While drinking unpasteurized milk from nursing is the most common cause of the spread, other kids in the field can also pick it up if they lick milk from a kid that is nursing an infected doe, or steal milk from an infected doe.

Dairy kids are routinely removed from the mothers at birth and fed heat treated colostrum and pasteurized milk. Since you have Boers this won;t be practical for you. You need to blood test before kidding season. If you have a positive doe, cull her immediately.

If this is an infection, antibiotics would be the first way go to. Always dip the newborn's navel in iodine after birth to prevent joint ill.
 

CassyKay

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Rickets causes weakening of the bones due to calcium and protein lack in feeding. The bones actually will bend. The swollen joints are different.

The swelling may be due to some sort of infection. CAE is another cause of swollen and sore joints. Since the id s active and was jumping around, selenium lack is probably not the cause. Selenium deficiency cause weakness and inability to stand or walk well. ("Floppy kid/lamb syndrome")

Do you blood test all your goats annually for CAE? If not, you might want to start since infected goats do not always come down with the symptoms but just remain carriers. In addition, goats can pick up the infection off premises, through breeding, or if an infected animal which is supposed to be clean is brought in.

While drinking unpasteurized milk from nursing is the most common cause of the spread, other kids in the field can also pick it up if they lick milk from a kid that is nursing an infected doe, or steal milk from an infected doe.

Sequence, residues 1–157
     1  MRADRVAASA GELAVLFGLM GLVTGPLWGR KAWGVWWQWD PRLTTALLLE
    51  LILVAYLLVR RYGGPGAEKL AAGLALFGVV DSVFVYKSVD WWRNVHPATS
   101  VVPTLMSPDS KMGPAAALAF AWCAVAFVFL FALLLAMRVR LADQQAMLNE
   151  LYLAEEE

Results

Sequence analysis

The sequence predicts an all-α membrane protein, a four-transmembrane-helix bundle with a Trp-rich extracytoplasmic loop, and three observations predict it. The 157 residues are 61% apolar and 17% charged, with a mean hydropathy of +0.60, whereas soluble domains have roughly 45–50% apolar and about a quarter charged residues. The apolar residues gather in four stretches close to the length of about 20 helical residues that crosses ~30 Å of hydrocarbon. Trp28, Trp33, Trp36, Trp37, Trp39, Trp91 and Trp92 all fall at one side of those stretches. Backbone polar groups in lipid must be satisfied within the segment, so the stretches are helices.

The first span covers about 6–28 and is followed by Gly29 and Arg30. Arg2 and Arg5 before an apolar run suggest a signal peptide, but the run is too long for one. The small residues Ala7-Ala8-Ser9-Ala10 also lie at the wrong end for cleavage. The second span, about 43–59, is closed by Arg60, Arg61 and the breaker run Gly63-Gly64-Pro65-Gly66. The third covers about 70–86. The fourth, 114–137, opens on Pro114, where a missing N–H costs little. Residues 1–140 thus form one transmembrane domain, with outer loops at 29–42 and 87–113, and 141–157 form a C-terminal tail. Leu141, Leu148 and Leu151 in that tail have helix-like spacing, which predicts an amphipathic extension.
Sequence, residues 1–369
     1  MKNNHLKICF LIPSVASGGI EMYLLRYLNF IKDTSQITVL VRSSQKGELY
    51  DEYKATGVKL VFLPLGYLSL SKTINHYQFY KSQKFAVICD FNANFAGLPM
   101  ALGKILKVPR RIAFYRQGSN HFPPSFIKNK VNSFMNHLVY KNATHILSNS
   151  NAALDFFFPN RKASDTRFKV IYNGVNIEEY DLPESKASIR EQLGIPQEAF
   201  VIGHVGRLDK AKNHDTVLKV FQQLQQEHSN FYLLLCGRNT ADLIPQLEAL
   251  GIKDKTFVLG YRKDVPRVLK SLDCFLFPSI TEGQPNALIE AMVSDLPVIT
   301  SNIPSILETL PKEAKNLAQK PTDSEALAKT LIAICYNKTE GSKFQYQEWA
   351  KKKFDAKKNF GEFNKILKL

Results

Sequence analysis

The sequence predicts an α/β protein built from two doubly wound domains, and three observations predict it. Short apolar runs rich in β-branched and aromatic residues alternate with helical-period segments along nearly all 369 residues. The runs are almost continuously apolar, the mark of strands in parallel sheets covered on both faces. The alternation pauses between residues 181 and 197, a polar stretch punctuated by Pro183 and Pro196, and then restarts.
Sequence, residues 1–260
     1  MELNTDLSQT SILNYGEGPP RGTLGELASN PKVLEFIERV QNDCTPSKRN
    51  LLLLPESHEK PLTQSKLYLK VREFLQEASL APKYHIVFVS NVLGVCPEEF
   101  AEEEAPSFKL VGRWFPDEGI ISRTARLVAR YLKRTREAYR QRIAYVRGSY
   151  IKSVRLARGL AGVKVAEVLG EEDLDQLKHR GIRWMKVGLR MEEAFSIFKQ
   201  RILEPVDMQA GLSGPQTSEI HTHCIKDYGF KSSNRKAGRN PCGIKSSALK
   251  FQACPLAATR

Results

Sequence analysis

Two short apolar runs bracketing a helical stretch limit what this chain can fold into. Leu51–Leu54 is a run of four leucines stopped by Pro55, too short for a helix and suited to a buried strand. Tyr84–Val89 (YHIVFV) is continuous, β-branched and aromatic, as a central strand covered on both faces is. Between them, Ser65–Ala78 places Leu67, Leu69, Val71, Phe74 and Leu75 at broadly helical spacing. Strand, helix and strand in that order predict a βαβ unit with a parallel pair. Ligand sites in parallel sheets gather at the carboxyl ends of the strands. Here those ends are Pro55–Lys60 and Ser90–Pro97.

Dairy kids are routinely removed from the mothers at birth and fed heat treated colostrum and pasteurized milk. Since you have Boers this won;t be practical for you. You need to blood test before kidding season. If you have a positive doe, cull her immediately.

If this is an infection, antibiotics would be the first way go to. Always dip the newborn's navel in iodine after birth to prevent joint ill.
We have sheep - dorpers and katahdins. It is one of our lambs that has the swollen knees.
I do believe our sheep tested clear for CAE as I remember this was something we talked to the shepherd about when we bought the ewes. The vet did not mention it but we can ask about it and see if he recommends testing. We are working to set up annual visits with our farm vet.
 

Ridgetop

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Sorry - thought this was goats. I have White Dorpers. I suggest you consider antibiotics for this condition. Sounds like he picked up some sort of infection. I dip my newborns' navels in iodine.
 

CassyKay

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Sorry - thought this was goats. I have White Dorpers. I suggest you consider antibiotics for this condition. Sounds like he picked up some sort of infection. I dip my newborns' navels in iodine.
Is it normal for infections picked up at birth to show up months later?